When we’re Solarpunking Portland, what does it mean to Solarpunk something? And, for that matter, what do we mean by Portland?
By Portland, we’re referring to all of the people who live here or do business here, or will do so or want to do so, and all of the infrastructure needed to appropriately support them. This creates a number of issues; not only do we not know who will be living here in twenty years, many of the people who might be doing so don’t even know themselves. So we need to create a generalized abstraction of what “appropriate support” for archetypal humans means, along with the political infrastructure necessary for them to tell us what *they* think is appropriate as they arrive or as they think of it.
How large that future population is will also be affected by how nice it becomes to live here. So we have a self-referential loop; the better we make our city the more people will want to come share it with us. As an initial estimate, I’m assuming we’re trying to support a city of five million people. I’m taking it as given that we desire to be a welcoming people, and encourage and accept new immigrants.
I’m going to set aside the issue of how we define “person”; my own take on it is that we want to expand the definition as far as we can push it, but that the probability of an orca swimming up the river and demanding citizenship is for at least the next couple of decades negligible.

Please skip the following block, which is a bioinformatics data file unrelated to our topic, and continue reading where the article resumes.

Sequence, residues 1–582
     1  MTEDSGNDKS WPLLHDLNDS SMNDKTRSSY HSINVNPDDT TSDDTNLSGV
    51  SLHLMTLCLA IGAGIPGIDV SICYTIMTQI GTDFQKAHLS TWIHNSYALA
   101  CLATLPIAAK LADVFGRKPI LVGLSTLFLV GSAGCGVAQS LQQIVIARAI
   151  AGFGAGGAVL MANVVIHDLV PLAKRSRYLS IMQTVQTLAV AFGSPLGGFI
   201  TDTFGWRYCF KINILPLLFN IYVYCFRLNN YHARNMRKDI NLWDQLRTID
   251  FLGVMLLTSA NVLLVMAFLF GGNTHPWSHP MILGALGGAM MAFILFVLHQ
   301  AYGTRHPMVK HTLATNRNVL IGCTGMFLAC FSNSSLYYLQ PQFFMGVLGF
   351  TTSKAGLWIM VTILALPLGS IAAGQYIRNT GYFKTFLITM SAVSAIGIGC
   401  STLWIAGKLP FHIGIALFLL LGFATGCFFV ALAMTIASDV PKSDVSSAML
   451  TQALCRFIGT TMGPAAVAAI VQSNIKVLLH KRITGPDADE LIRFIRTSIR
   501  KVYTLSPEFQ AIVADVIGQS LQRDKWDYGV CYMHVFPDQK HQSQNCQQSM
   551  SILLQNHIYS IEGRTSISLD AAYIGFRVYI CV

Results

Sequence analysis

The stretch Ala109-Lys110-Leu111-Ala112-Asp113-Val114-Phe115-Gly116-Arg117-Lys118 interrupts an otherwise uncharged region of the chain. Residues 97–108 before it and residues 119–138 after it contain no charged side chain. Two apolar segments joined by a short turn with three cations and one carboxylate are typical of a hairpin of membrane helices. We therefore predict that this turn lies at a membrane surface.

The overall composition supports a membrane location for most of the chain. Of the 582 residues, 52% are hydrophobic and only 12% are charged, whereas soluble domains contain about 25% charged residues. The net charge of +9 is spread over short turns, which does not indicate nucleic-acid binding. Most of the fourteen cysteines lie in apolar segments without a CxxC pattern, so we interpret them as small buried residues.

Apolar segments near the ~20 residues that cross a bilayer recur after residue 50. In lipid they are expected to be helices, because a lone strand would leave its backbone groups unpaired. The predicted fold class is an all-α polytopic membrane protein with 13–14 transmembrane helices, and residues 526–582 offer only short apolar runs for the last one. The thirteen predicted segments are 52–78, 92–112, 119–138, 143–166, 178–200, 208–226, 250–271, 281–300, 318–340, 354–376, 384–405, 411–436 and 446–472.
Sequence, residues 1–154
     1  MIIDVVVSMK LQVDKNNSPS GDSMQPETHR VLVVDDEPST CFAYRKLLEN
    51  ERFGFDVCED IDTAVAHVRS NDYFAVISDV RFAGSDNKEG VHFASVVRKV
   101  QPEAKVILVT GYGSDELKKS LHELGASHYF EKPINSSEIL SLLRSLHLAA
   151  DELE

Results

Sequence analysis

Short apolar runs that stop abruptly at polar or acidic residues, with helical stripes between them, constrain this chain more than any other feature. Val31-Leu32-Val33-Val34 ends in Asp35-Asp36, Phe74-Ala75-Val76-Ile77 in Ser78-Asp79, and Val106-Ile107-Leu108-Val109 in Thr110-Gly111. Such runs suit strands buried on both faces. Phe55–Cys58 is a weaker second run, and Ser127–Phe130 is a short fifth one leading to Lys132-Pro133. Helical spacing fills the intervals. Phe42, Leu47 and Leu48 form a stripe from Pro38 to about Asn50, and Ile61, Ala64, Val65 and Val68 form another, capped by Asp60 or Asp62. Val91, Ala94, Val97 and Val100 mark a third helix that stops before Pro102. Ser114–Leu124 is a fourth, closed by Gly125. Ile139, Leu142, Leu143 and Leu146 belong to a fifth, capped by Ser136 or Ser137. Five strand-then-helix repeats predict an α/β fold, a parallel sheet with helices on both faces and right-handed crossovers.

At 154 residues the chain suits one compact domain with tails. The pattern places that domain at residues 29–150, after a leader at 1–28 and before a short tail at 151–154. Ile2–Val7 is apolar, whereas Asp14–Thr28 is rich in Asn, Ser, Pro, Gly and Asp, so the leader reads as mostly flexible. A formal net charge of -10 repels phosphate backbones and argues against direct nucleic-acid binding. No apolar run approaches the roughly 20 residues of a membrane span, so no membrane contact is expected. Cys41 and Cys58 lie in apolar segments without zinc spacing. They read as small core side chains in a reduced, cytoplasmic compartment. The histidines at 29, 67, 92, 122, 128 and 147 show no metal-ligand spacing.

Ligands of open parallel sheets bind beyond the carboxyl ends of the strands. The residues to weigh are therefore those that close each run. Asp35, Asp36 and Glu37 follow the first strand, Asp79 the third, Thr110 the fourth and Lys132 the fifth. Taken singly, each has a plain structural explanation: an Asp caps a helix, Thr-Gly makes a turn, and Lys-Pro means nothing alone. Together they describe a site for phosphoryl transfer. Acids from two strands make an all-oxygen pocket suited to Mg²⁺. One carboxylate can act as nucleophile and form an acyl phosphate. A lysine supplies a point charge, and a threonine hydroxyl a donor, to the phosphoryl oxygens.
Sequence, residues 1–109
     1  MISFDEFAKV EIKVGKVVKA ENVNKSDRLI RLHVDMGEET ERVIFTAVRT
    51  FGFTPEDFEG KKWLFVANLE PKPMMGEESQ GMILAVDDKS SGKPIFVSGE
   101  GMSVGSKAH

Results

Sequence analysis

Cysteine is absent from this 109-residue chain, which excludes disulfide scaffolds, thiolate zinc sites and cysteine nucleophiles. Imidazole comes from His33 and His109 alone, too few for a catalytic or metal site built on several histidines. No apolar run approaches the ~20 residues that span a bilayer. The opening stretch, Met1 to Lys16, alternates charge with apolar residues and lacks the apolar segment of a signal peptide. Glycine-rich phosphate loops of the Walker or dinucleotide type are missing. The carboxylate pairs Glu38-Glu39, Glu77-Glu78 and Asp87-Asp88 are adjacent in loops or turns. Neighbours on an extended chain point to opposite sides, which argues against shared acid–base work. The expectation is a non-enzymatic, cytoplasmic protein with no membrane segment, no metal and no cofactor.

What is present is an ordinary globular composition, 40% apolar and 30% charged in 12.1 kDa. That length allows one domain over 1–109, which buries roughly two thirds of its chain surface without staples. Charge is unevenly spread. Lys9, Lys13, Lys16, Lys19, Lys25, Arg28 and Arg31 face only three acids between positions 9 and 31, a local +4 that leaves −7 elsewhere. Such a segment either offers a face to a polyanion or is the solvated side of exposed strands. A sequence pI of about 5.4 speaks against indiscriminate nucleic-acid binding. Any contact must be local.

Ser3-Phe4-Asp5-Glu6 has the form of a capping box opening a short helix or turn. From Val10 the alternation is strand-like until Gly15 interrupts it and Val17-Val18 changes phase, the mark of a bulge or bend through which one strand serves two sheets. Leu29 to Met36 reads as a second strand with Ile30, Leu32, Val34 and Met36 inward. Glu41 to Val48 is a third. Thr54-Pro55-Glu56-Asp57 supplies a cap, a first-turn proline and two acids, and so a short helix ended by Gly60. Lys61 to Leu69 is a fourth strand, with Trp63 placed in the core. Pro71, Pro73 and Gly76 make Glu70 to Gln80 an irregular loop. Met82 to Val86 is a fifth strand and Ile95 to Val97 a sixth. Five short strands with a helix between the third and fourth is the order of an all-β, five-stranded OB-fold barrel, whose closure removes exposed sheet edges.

1.) As a society, we are a living entity. We-as-humans are the cells of the social organism, and almost by definition the organism is more than just the sum of its cells.
2.) The organism, to succeed as an organism, does require to have great regard and concern for the wellbeing of those cells; look at the lengths you’ll go to to avoid getting a paper cut on your finger, for example. Sacrificing a few cells can still be beneficial, example: exercise. Supporting the cells in a comfortable fashion so that they can function to the best of their abilities is still the default state and the most immediate priority.
3.) We as cultures have not been doing this.
4.) As we are now consciously reforming as a metaculture, we need to either support our human cells directly, or successfully incent our component cultures to do so.